Well here we are the month of October nearly over and we have posted a grand total of, well I guess this makes four times... yeah, that was our bad. In by way of an apology let me offer you this embarrassing little story. Rewind with me if you will a few weeks back to the little seaside twon of Beppu. You remember Beppu right? It's hot, the air is something you practically have to swim through, pockets of steam are rising out of the street and the rise and fall of the ocean is booming off in one ear. We are off to a little traditional sushi restaurant we discovered in a back alley a few nights before which had, quite honestly, the best sushi any of us had ever tasted, the people were also really nice and we had had an awesome interaction with them the last time we were there.
Since it was our last night in town we decided to splurge and get the most expensive thing on the menu. You should probably know the menu is in Japanese with no pictures and no one at this restaurant speaks English. Anyway when we point to the item in question the lady kind of raises an eyebrow but leaves and gets it anyway. It turns out to be a plate of sushi with a decorative shrimp head on it. We were thought it a bit odd but hey whatever it's something new. Anyway I'm just reaching out for a piece when Nate says, “Um guys. I think that thing is moving.”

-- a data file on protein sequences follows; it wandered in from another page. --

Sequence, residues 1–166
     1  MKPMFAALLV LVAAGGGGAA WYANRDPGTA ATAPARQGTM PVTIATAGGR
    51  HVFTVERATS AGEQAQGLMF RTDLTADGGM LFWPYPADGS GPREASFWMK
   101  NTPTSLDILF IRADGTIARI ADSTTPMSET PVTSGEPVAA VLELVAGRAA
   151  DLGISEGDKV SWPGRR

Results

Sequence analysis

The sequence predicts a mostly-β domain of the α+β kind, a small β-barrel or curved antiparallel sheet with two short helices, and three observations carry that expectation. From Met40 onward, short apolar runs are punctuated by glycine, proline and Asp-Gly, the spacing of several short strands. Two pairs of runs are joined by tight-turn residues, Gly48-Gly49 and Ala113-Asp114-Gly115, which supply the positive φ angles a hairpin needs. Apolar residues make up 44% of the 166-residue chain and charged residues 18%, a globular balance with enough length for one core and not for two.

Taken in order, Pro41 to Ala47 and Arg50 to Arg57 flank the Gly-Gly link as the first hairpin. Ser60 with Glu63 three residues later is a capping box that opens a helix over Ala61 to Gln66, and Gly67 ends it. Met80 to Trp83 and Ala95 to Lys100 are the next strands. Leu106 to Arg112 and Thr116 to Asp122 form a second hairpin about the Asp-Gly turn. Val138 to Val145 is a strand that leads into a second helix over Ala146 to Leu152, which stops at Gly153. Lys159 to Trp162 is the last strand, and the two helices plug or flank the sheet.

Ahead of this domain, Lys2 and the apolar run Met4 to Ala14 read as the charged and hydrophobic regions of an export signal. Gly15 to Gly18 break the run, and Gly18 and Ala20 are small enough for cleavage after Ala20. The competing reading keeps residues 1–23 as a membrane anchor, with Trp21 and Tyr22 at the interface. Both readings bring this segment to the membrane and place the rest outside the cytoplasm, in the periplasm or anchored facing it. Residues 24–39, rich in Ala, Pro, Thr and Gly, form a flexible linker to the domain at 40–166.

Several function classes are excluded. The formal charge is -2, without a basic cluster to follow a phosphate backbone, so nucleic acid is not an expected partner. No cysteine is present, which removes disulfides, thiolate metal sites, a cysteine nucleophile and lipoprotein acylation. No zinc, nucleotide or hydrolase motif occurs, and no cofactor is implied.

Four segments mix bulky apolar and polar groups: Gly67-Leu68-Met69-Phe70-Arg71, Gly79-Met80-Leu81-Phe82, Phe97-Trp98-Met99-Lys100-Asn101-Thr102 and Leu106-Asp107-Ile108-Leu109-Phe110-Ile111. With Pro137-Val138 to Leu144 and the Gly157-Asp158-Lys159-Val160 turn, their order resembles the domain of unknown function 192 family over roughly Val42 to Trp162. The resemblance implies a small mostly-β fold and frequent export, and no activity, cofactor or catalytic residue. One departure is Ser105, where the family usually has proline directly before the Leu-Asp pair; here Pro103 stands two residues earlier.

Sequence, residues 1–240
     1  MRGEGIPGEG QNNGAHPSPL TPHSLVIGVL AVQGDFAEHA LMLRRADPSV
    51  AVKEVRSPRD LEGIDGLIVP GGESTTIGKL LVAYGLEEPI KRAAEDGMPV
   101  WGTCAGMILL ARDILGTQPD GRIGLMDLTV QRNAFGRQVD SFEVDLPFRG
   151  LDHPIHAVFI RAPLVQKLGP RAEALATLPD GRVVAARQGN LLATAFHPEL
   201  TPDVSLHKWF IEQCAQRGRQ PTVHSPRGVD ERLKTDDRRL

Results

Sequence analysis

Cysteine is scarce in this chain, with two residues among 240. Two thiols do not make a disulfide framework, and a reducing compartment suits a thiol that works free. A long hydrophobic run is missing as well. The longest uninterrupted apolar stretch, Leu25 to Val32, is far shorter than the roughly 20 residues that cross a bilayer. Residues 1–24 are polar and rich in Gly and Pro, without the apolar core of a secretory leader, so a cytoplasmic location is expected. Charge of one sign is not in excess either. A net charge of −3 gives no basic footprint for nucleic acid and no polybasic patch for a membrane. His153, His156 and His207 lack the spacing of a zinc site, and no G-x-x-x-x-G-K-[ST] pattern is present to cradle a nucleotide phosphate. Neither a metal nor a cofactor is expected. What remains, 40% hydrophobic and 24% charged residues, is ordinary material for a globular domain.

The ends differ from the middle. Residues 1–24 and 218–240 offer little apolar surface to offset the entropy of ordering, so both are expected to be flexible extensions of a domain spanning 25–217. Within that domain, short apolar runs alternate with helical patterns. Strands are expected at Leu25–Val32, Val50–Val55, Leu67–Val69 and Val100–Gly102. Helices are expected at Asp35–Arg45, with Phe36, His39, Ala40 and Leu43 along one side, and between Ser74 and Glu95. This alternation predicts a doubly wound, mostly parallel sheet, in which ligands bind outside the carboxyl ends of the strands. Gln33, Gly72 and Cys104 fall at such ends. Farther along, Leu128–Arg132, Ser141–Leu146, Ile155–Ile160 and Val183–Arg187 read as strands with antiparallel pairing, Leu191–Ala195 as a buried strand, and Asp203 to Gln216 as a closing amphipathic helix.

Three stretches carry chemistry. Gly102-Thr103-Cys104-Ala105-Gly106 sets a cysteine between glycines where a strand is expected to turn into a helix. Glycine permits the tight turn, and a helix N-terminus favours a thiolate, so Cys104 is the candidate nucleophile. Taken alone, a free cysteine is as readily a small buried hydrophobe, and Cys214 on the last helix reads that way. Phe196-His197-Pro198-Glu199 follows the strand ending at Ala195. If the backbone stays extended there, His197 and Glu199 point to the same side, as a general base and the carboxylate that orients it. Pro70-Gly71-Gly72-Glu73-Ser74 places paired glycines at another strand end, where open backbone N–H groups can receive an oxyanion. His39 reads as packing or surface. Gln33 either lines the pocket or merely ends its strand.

We're all like, “What no way.” But in the spirit of adventure I reach out an poke it with a chopstick. Sure enough moves and we're all like, “Holy shit!” (pardon the language please.)
Anyway, we decide to eat other things and leave the poor thing to die in peace. We were just reaching for other stuff on the table when suddenly the head just freaks the hell out. If you've ever seen the movie Alien it was kind of like that. It opened it's mouth and shot out these prong-fan things that were opening and closing spasmodically.
If you've ever wanted to see four grown men jump that would have been the moment to be there. Nate nearly flipped the table over on Ian. Anyway we were all so wigged out by it we ended up covering the head with an empty bowl and all drinking water for the majority of the rest of the meal. Apparently the the actual piece of sushi that was the other end of the head was really tasty, only Nate and Ian tried it though so I can't really say.